I have no memory of toys.

Well, except for a green-yellow guitar (it’s the size of a large spatula that cost me a huge forty rupees in the village fair and earned me several reprimands from mother for wasting away a large part of the pocket-money in such irresponsible manner) and a Japanese toy gun that fired small plastic pellets the shape of Mahadev’s dambru. I couldn’t fully explore the gun – it was gifted to me by a richer aunt who had gone to Nepal, the place where you got ‘Made in Japan’ stuff – because most of the interesting targets, humans included, were inside the house (obviously I was banned from pulling the trigger inside).

Much later, when childhood had crept away from my body like Katrina’s clothes in Kamli Kamli and I had severely outgrown toys, someone gifted me (for reasons I would kill someone for) a “punch me” toy that would always come back up, no matter how hard you punched it. Even if you made it horizontal, press it to the bed and let it go, it would stand right up. However, the toy that was cleverly designed to astonish kids failed to invoke any such feelings in me because by then I had already completed my lesson on centre of gravity and understood that the inflatable toy with a heavy, curved base would always have the lowest potential energy in the upright position (sorry, this is too much of science, and too much of science is always injurious to the feeling of astonishment).

Strictly speaking, I would be lying if I said I didn’t have other toys. An occasional “toad” that goes tick tock and irritates anyone trying to get an afternoon nap was so common a possession during fairs that I don’t consider that a toy. It was so cheap and so hastily built that you had to rummage through the entire pile to choose the one that sounded perfectly irritating, almost like the way you rummage through flexible bhindis these days to find the one whose tip breaks away instantly so that missus occasionally approves of your pathetic vegetable shopping quality. Also falling into the non-toy toy category are the balloons that didn’t go up if you let it, but bobbed up and down instead until it got pricked by a grass blade and burst.

If you are beginning to think that these exceptions are getting better of the rule, let me define what a toy for me was. In those days, a toy was something that was brought from a fair or a shop, cost a decent amount of money so that you were asked to keep your mouth shut for the next one month, had a chance of surviving more than a couple of nights and for which you needed to constantly pull the sari of your mother or the trousers of your father.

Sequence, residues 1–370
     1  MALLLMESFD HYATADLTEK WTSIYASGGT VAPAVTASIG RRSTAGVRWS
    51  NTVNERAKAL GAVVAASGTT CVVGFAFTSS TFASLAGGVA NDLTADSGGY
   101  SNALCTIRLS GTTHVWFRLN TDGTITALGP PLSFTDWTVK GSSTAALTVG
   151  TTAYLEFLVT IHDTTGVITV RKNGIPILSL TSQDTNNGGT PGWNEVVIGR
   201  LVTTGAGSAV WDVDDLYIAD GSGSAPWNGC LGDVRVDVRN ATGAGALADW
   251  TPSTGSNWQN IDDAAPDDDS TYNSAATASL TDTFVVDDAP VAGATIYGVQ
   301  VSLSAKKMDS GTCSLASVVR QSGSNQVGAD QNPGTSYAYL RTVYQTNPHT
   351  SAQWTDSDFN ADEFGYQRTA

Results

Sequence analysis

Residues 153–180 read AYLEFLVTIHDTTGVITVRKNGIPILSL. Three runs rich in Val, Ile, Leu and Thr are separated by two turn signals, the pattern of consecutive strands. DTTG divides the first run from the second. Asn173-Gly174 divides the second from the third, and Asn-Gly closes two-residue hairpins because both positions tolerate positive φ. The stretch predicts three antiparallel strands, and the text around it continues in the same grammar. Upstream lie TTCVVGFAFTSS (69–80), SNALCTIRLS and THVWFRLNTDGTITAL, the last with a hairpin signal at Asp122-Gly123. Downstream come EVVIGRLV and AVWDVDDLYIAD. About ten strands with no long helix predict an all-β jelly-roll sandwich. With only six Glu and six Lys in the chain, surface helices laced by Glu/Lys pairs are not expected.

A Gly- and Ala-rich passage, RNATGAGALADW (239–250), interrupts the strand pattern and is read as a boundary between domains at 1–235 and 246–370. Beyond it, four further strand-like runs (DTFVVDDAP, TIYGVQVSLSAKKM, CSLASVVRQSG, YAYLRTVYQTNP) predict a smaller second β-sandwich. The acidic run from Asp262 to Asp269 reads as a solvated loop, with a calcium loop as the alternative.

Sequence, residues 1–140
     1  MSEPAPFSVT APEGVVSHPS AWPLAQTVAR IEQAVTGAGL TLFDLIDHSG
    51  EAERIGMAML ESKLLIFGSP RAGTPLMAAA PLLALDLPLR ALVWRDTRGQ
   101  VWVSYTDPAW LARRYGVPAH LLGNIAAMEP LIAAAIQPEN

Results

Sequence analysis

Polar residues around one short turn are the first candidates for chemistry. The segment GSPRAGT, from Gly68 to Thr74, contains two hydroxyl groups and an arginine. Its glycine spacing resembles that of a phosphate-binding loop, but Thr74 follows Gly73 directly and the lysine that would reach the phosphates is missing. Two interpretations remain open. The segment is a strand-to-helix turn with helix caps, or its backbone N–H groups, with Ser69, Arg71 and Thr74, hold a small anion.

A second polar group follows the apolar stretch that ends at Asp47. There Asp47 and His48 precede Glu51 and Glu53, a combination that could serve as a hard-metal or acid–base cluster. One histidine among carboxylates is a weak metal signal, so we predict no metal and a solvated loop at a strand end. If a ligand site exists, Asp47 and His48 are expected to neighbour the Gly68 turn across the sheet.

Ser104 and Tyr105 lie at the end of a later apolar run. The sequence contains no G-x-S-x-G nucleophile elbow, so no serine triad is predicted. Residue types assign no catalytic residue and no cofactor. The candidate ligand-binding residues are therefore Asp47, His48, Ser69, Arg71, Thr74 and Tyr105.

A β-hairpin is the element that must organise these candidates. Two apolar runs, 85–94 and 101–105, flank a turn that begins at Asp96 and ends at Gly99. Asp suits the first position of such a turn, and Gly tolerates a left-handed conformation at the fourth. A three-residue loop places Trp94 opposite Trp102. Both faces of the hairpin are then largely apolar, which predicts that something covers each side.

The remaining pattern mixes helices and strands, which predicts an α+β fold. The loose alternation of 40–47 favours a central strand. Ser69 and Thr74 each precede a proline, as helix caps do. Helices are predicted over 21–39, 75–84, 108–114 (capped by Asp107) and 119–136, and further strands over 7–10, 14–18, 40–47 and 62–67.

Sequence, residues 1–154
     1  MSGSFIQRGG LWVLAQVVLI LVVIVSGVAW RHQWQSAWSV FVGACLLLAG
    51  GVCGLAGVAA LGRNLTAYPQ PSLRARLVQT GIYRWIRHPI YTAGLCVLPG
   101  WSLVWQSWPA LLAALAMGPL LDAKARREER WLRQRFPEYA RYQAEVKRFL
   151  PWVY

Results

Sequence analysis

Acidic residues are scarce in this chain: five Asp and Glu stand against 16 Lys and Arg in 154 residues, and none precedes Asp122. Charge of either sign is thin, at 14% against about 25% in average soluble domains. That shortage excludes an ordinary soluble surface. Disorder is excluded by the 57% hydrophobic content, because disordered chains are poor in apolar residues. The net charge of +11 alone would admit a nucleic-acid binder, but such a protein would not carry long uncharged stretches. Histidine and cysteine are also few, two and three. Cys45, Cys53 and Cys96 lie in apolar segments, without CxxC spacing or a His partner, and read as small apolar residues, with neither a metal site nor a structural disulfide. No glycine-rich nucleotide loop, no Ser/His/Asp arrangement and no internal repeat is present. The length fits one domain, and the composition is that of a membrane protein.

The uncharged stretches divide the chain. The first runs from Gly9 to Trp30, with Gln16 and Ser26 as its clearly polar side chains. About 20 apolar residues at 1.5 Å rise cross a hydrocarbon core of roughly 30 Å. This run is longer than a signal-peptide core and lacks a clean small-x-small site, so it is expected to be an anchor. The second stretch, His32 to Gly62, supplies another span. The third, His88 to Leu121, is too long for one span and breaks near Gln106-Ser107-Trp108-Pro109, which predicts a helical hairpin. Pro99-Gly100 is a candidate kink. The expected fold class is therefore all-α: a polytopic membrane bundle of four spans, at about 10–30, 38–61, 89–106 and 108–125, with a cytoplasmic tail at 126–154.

Unfortunately, most of my possessions didn’t fall into the above category.

The things I had were either too cheap or just too common. Or were made up of jute, tin, bamboo, earth and other such stuff that either got broken the very next day or were eaten up by the nature’s elements (borer, the gentleman that eats away bamboos and makes it hollow 2.0 being one of the prompter ones). Also a large majority of the toys that kept me busy all the time was manufactured by me. A batuli (catapult) fashioned out of a fallen branch, father’s old tubes and torn leather shoes, a sword by chopping off bamboo from father’s backyard, a Beyblade sort of thing made from scooped out mango seeds and bamboo splinter. By definition, these were toys, alright. But they didn’t last. Consequently, when I look back now, it seems as if my childhood has no memory. No teddy bear that I cuddled to sleep. No pussy cat that I didn’t leave home without. No studio photos with guns. No horse with wheels that I didn’t eat without.

My toy is my memory.

But now when I buy toys for my seven year old kid, the expensive variety that is supposedly made up of high quality plastics with springy slots for six batteries, costing me a good percentage of my monthly salary and almost half the monthly grocery budget, I realise certain things. That toys by themselves don’t offer you any fun. It’s the ability of explore the toy wherein lies the entire fun.

Thankfully, I have no memory of toys.

(The rest of this article would be published as Part-II. Thanks for reading!)

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